A letter from the Vatican to a gay male couple who wrote to Pope Francis about their joy in having their three adopted children baptized after three years of repeated requests has caused excitement and consternation among Pope-watchers. LGBTQI Catholics and advocates greeted the news as an important pastoral signal; […]
Thomas Paprocki, the Catholic Bishop of Springfield, IL, recently made international headlines with a Decree that banned people in same-sex marriages from receiving Communion, the Sacrament of the Sick, or even Catholic burial unless they showed signs of repentance. Now, in a video posted by CNS,com, the Bishop extends the ban to […]
How did we spend our final day before heading to Philadelphia? Helping out at a charity bike ride! At Fini’s insistence, we joined our Dignity/Boston team supporting bicyclists who rode 125 miles from Boston to Provincetown to raise funds for HIV/AIDS research and services. It was a great day of […]
Hi! We are the Duddy-Burkes: Becky, Emily, Fini, and Marianne, and we’re excited to be part of the Equally Blessed World Meeting of Families Pilgrimage. Becky and Marianne are a married lesbian couple. We live in Boston, Massachusetts and are active members of the Dignity/Boston Catholic community. We met at […]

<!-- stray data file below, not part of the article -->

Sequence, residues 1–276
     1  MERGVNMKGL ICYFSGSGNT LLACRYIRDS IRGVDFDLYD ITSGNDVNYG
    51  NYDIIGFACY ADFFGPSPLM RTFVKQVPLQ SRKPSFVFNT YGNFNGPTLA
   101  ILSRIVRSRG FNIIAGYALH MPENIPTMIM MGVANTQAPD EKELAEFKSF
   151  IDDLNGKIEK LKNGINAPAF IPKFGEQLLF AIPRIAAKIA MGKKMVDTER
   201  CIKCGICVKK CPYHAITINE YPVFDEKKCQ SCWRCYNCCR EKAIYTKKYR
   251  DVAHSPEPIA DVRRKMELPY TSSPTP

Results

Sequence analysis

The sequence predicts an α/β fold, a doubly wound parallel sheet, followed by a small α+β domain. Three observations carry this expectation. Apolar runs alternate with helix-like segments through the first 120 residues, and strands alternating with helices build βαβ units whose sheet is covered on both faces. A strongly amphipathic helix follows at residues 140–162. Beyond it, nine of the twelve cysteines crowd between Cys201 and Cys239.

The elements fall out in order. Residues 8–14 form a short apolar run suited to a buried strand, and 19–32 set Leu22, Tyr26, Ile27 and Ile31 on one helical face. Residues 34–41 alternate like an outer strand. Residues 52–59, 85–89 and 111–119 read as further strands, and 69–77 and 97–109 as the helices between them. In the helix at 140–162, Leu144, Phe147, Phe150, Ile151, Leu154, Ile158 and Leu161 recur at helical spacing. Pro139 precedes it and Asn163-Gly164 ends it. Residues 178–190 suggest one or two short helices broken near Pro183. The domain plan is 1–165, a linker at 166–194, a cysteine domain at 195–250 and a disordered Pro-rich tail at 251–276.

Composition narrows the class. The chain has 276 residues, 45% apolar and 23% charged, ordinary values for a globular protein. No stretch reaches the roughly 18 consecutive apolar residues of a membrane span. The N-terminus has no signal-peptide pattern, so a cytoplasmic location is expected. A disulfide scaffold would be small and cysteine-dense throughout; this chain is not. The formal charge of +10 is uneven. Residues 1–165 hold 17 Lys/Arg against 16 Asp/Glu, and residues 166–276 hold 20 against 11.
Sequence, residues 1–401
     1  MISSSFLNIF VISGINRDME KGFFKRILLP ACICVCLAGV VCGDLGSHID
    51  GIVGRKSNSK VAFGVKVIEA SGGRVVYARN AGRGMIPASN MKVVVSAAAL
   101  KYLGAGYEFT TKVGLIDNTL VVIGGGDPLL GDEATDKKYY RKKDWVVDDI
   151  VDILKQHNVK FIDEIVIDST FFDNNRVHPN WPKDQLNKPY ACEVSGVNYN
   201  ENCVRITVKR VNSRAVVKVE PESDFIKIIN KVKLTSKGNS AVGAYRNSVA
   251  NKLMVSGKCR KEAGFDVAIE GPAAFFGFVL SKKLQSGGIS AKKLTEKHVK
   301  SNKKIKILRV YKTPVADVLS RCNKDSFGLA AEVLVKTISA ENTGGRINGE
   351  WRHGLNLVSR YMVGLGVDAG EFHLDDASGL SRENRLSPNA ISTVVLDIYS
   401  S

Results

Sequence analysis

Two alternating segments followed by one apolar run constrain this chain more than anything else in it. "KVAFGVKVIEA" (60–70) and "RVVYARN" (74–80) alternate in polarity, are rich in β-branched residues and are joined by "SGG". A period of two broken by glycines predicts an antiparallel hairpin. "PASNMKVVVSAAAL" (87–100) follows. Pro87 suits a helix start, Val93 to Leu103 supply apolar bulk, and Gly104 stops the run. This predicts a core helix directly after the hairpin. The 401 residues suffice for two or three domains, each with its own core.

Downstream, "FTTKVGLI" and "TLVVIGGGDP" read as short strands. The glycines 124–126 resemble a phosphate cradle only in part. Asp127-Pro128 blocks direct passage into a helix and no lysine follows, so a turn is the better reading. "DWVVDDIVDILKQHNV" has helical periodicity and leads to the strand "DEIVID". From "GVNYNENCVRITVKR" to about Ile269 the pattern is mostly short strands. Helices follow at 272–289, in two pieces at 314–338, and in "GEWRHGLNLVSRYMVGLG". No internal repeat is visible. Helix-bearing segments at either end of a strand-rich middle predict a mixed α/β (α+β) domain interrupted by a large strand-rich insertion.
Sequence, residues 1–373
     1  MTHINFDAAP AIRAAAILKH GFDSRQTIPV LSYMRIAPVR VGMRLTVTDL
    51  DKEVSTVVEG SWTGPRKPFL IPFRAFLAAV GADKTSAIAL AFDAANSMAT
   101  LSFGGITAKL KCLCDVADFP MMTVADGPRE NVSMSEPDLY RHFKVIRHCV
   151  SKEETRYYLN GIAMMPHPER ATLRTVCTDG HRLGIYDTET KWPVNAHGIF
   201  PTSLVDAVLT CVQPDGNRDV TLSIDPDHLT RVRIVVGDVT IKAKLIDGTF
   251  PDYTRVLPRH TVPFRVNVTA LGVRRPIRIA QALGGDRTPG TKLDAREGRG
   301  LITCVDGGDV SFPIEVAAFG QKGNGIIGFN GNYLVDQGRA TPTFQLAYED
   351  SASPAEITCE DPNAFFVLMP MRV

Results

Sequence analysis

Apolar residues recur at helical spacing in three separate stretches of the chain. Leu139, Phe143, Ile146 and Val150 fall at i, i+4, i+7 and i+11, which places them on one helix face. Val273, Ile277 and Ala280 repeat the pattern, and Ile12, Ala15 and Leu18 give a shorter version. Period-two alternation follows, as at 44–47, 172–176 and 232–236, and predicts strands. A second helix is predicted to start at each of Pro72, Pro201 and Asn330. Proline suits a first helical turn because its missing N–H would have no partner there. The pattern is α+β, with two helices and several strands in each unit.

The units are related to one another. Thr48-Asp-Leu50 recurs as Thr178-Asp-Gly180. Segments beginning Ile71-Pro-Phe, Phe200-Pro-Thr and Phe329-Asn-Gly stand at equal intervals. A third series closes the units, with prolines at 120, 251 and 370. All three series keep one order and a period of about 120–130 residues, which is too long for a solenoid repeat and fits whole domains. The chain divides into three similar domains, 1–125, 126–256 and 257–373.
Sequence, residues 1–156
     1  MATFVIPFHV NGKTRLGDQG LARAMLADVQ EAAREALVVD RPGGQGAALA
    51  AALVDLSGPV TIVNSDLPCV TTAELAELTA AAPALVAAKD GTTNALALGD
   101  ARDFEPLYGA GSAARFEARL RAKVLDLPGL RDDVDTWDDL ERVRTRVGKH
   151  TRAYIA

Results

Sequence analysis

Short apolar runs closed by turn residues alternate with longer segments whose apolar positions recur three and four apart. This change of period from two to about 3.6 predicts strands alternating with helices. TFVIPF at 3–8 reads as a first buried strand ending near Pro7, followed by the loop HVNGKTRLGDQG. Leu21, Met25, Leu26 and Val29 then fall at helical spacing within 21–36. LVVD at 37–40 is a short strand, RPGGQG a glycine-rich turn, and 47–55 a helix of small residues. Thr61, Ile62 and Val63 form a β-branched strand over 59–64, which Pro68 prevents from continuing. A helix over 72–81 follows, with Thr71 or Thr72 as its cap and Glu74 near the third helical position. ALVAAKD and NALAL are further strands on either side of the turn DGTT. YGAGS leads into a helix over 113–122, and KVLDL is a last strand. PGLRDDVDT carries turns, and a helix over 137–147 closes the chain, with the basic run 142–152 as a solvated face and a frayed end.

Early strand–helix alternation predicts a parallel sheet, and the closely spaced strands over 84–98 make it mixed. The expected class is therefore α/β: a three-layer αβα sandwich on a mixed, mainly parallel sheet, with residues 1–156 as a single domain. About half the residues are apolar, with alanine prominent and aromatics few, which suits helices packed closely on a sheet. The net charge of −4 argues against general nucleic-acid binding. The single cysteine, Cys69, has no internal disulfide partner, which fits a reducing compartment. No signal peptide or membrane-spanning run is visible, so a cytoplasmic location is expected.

By Marianne Duddy-Burke and Mary Ellen Lopata
In an Easter morning appearance on ABC’s “This Week,” Cardinal Timothy M. Dolan, the archbishop of New York, spoke words that some gay and lesbian Catholics thought they might never hear.
Asked by the host, George Stephanopoulos, what he would say to people who felt excluded from the Roman Catholic Church because of their sexual orientation, the cardinal said: “Well, the first thing I’d say to them is, ‘I love you, too. And God loves you. And you are made in God’s image and likeness.’ ”
In the spirit of compromise, then — and realizing that we and the cardinal are not soon going to agree on how the church and state should treat same-sex couples who want to make a lifetime commitment to each other — we offer a few suggestions that do not require the hierarchy to adjust its teachings on the nature of marriage, but would send a clear message against distaste and mistrust.
By Marianne Duddy-Burke
When I was younger, the words “Knights of Columbus” conjured up fond images of my grandfather donning his cape and plumed hat to march in a parade, or slipping into his regalia for a special Mass at his parish church. The Knights council helped coordinate an annual festival for people with developmental disabilities and my whole family volunteered. The Knights of Columbus were good guys in my eyes. They raised money for hot meals, warm clothes and wheelchairs for families that could not afford them.